Decline

  • 1 Decline — De*cline , n. [F. d[ e]clin. See {Decline}, v. i.] 1. A falling off; a tendency to a worse state; diminution or decay; deterioration; also, the period when a thing is tending toward extinction or a less perfect state; as, the decline of life; the …

    The Collaborative International Dictionary of English

  • 2 Decline — is a change over time from previously efficient to inefficient organizational functioning, from previously rational to non rational organizational and individual decision making, from previously law abiding to law violating organizational and… …

    Wikipedia

  • 3 Decline — De*cline , v. i. [imp. & p. p. {Declined}; p. pr. & vb. n. {Declining}.] [OE. declinen to bend down, lower, sink, decline (a noun), F. d[ e]cliner to decline, refuse, fr. L. declinare to turn aside, inflect (a part of speech), avoid; de + clinare …

    The Collaborative International Dictionary of English

  • 4 Decline — De*cline , v. t. 1. To bend downward; to bring down; to depress; to cause to bend, or fall. [1913 Webster] In melancholy deep, with head declined. Thomson. [1913 Webster] And now fair Phoebus gan decline in haste His weary wagon to the western… …

    The Collaborative International Dictionary of English

  • 5 decline — vb Decline, refuse, reject, repudiate, spurn are comparable when they mean to turn away something or someone by not consenting to accept, receive, or consider it or him. Decline is the most courteous of these terms and is used chiefly in respect… …

    New Dictionary of Synonyms

  • 6 decline — [n1] lessening abatement, backsliding, comedown, cropper*, decay, decrepitude, degeneracy, degeneration, descent, deterioration, devolution, diminution, dissolution, dive, downfall, downgrade, downturn, drop, dwindling, ebb, ebbing, enfeeblement …

    New thesaurus

  • 7 decline — [dē klīn′, diklīn′] vi. declined, declining [ME declinen < OFr decliner, to bend, turn aside < L declinare, to bend from, inflect < de , from (see DE ) + clinare, to bend: see LEAN1] 1. to bend, turn, or slope downward or aside 2. a) …

    English World dictionary

  • 8 decline — I noun abatement, act of crumbling, act of dwindling, act of falling away, act of lessening, act of losing ground, act of shrinking, act of slipping back, act of wasting away, act of weakening, act of worsening, atrophy, backward step, cheapening …

    Law dictionary

  • 9 décliné — ⇒DÉCLINÉ, ÉE, part. passé et adj. I. Part. passé de décliner1. II. Adj. Qui s écarte d une direction donnée. A. [En parlant d un astre] Qui retombe après avoir atteint son point culminant. Les feux des soleils déclinés (RÉGNIER, Prem. poèmes,… …

    Encyclopédie Universelle

  • 10 décliné — décliné, ée (dé kli né, née) part. passé. 1°   Fléchi suivant les règles de la déclinaison. Un mot décliné. 2°   Terme de procédure. Dont on n accepte pas la compétence. Cette juridiction déclinée par les parties.    Par extension, refusé. Une… …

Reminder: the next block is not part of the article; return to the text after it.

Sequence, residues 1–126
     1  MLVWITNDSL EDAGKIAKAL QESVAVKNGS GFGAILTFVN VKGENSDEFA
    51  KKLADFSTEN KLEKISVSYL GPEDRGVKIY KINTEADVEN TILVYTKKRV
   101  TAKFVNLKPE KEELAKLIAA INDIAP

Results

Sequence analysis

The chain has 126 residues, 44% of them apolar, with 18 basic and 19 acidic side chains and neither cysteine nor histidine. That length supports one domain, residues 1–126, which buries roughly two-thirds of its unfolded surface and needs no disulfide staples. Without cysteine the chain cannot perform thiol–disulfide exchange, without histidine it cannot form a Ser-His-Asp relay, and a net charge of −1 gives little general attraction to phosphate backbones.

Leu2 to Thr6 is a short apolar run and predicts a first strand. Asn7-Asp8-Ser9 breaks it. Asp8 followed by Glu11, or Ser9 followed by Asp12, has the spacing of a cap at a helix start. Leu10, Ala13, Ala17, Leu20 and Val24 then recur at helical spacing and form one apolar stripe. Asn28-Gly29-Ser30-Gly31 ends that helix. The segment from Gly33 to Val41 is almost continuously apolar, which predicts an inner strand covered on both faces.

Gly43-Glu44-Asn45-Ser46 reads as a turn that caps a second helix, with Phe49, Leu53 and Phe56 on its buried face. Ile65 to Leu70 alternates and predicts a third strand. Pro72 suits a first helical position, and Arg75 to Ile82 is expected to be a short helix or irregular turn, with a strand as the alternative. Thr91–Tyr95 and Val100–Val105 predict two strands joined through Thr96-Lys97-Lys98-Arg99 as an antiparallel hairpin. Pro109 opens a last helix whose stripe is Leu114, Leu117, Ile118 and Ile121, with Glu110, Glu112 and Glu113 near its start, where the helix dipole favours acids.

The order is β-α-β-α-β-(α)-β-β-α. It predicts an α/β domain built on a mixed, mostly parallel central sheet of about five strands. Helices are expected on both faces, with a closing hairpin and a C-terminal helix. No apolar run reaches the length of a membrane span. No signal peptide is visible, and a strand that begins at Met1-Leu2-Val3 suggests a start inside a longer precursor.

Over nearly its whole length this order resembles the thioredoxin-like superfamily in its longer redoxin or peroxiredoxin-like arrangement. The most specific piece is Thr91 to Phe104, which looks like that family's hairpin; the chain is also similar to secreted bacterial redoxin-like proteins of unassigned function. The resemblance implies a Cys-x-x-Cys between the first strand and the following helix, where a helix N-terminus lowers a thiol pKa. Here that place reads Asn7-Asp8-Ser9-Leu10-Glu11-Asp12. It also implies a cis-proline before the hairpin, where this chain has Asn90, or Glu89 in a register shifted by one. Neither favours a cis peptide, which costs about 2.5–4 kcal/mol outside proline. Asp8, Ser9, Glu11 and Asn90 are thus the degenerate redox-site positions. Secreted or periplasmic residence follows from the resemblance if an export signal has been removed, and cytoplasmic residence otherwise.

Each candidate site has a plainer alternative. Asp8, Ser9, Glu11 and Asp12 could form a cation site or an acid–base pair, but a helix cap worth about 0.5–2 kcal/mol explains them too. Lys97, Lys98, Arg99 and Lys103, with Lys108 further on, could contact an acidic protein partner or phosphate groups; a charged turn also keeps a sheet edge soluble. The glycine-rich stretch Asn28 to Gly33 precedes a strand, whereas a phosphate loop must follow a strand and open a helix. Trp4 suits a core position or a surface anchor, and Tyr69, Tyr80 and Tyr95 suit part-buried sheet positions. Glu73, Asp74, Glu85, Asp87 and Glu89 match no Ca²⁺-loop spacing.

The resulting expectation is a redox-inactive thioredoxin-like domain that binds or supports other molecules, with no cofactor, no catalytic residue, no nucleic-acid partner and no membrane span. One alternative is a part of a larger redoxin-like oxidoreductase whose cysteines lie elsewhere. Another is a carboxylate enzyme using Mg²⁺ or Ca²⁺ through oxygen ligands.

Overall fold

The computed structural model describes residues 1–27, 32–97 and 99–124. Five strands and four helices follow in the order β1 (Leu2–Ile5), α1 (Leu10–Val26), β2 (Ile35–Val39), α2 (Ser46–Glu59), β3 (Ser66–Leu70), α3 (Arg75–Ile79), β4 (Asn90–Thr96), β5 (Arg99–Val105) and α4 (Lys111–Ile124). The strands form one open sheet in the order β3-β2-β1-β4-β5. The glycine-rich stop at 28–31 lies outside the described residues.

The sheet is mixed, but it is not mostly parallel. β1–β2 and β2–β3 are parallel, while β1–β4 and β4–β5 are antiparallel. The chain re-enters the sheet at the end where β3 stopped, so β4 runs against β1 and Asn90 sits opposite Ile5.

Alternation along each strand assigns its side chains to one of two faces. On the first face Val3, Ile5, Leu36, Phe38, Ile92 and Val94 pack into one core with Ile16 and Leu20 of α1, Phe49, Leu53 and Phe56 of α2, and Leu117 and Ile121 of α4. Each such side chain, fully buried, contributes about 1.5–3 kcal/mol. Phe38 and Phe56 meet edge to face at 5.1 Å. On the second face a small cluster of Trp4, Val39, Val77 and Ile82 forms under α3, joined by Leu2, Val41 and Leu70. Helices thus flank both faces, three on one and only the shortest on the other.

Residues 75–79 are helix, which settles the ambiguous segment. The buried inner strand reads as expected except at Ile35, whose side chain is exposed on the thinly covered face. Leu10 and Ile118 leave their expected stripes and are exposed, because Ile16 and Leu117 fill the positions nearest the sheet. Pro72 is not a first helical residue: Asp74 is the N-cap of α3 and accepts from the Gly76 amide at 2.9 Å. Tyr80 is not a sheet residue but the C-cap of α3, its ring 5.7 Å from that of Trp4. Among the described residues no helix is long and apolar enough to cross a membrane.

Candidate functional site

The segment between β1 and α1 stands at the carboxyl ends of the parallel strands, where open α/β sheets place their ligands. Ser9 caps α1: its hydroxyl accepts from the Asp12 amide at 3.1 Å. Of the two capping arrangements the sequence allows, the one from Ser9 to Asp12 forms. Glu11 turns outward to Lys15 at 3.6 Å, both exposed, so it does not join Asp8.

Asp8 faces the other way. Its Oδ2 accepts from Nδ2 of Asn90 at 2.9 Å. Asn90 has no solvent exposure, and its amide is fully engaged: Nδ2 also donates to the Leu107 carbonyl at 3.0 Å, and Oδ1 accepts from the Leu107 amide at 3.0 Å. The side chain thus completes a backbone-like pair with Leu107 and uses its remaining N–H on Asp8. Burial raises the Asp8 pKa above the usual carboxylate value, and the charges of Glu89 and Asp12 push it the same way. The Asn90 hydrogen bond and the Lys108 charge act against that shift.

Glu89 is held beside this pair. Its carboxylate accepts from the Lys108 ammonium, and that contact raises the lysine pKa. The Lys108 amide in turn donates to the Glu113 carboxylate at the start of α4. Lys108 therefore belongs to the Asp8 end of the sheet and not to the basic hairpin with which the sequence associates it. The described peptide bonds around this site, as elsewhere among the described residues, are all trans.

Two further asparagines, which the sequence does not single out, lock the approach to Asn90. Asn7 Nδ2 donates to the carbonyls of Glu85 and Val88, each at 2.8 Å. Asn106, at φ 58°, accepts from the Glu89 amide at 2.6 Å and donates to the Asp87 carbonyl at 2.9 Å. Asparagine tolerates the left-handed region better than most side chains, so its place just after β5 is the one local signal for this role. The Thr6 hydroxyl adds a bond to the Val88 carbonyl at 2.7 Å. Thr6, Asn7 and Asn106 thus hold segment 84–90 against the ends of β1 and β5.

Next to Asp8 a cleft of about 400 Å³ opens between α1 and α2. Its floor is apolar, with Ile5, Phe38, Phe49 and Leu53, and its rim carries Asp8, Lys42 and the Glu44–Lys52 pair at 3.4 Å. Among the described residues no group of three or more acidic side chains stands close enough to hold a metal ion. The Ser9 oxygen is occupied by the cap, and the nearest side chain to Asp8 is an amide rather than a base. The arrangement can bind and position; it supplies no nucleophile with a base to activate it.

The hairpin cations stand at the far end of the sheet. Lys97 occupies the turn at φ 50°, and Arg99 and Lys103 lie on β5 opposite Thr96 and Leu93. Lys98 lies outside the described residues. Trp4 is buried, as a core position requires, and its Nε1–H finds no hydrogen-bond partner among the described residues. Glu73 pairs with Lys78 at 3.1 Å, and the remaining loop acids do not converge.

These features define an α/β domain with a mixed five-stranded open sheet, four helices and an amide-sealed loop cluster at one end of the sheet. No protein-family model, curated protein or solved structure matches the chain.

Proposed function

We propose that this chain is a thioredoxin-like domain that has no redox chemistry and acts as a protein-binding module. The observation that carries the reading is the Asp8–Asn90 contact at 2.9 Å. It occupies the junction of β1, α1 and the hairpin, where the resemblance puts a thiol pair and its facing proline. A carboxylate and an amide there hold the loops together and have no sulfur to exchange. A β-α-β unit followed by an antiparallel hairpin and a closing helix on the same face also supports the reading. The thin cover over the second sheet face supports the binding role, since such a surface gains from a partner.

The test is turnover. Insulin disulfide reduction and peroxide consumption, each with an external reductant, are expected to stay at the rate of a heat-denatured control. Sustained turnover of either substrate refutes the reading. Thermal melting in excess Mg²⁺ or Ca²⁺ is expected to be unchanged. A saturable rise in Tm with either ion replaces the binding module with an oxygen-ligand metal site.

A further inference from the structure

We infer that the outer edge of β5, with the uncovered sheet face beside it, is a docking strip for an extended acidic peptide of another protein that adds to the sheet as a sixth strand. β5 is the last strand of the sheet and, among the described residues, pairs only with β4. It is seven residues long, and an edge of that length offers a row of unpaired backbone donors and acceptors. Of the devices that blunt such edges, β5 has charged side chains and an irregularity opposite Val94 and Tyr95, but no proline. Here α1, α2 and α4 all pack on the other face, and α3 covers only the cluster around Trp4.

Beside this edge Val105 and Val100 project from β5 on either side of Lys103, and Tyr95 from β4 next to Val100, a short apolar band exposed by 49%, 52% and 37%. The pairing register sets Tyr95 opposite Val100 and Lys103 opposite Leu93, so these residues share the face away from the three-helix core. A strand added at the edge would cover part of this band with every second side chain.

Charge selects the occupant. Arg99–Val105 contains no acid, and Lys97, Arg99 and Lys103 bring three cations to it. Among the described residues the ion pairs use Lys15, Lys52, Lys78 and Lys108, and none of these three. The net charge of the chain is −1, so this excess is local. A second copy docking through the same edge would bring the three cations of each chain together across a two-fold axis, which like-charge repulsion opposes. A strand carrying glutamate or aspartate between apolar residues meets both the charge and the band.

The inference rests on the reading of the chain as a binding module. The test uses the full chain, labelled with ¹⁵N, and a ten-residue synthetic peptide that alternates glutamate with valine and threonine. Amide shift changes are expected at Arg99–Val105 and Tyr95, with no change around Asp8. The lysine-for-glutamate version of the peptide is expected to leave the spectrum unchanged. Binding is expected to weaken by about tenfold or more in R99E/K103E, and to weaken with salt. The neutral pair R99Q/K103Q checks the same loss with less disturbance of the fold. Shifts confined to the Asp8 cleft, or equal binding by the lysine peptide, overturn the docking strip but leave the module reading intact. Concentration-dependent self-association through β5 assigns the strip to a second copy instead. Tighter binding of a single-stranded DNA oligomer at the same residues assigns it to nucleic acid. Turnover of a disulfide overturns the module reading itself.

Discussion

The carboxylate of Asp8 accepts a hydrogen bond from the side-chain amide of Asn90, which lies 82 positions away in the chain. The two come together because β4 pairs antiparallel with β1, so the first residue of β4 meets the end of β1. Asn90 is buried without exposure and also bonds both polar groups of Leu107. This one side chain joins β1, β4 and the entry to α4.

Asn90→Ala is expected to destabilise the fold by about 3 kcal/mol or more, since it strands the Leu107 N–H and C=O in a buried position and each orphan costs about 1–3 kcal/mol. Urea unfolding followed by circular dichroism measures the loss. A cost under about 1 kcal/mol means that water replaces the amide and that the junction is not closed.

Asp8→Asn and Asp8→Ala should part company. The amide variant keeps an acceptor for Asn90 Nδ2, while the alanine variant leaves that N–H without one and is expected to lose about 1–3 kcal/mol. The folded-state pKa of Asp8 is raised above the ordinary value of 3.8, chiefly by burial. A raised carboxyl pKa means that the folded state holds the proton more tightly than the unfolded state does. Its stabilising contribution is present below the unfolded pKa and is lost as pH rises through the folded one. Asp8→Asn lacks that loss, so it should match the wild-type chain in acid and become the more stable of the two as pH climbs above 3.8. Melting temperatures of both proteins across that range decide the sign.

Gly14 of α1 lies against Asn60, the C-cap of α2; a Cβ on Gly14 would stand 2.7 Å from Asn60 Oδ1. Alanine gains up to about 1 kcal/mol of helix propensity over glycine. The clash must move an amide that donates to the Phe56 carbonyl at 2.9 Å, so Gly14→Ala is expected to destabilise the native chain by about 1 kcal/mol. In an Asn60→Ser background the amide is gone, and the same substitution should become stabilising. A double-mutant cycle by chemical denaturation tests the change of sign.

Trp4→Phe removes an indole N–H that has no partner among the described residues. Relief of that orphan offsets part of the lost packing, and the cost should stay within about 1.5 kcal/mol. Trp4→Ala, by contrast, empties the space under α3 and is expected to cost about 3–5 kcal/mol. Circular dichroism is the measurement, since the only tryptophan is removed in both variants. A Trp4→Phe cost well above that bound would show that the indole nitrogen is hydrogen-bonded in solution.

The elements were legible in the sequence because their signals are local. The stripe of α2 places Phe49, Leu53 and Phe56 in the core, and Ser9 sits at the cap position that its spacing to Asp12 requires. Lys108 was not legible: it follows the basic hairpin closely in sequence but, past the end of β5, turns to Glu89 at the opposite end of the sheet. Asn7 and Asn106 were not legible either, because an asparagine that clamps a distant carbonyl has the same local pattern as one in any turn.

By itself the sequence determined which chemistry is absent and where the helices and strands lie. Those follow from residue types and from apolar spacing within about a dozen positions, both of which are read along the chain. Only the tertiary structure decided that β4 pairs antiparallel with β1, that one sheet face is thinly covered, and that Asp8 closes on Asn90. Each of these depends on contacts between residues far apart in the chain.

Dictionnaire de la Langue Française d'Émile Littré

  • 11 decline — ► VERB 1) become smaller, weaker, or less in quality or quantity. 2) politely refuse. 3) (especially of the sun) move downwards. 4) Grammar form (a noun, pronoun, or adjective) according to case, number, and gender. ► NOUN ▪ a gradual and… …

    English terms dictionary

  • 12 decline — ▪ I. decline de‧cline 1 [dɪˈklaɪn] verb [intransitive] 1. COMMERCE if an industry or country declines, it becomes less profitable, productive, wealthy etc: • This type of business is a declining sector of the UK. 2 …

    Financial and business terms

  • 13 decline — {{Roman}}I.{{/Roman}} noun ADJECTIVE ▪ catastrophic, considerable, dramatic, drastic, large, major, marked, massive, serious, severe …

    Collocations dictionary

  • 14 decline */*/*/ — I UK [dɪˈklaɪn] / US verb Word forms decline : present tense I/you/we/they decline he/she/it declines present participle declining past tense declined past participle declined 1) [intransitive] to become less or worse The number of people buying… …

    English dictionary

  • 15 decline — de|cline1 W2 [dıˈklaın] n [singular, U] a decrease in the quality, quantity, or importance of something decline in ▪ There has been a decline in the size of families. decline of ▪ the decline of manufacturing rapid/sharp/steep/dramatic decline ▪… …

    Dictionary of contemporary English

  • 16 decline — de|cline1 [ dı klaın ] verb *** 1. ) intransitive to become less or worse: The number of people buying their own homes has declined. In many cases living standards are declining. decline steadily/sharply/rapidly/dramatically: Stock prices… …

    Usage of the words and phrases in modern English

  • 17 decline — 01. The [decline] in the New York stock market is due to the financial crisis in Asia. 02. The value of the yen on international markets has [declined] significantly over the past year. 03. He asked her to the dance, but she [declined] his… …

    Grammatical examples in English

  • 18 decline — [[t]dɪkla͟ɪn[/t]] ♦♦ declines, declining, declined 1) VERB If something declines, it becomes less in quantity, importance, or strength. [V from/to/by amount] The number of staff has declined from 217,000 to 114,000... [V amount] Hourly output by… …

    English dictionary

  • 19 decline — I n. 1) to go into, suffer a decline 2) a gradual; sharp; steady; steep decline 3) a decline in (a decline in trade) 4) on the decline II v. (E) she declined to address the delegates * * * [dɪ klaɪn] sharp steady …

    Combinatory dictionary

  • 20 decline — 1 noun (singular, uncountable) a gradual decrease in the quality, quantity, or importance of something (+ in): a sharp decline in profits | economic/moral etc decline: Economic decline is often tangled up with political turmoil. | fall/go into… …

    Longman dictionary of contemporary English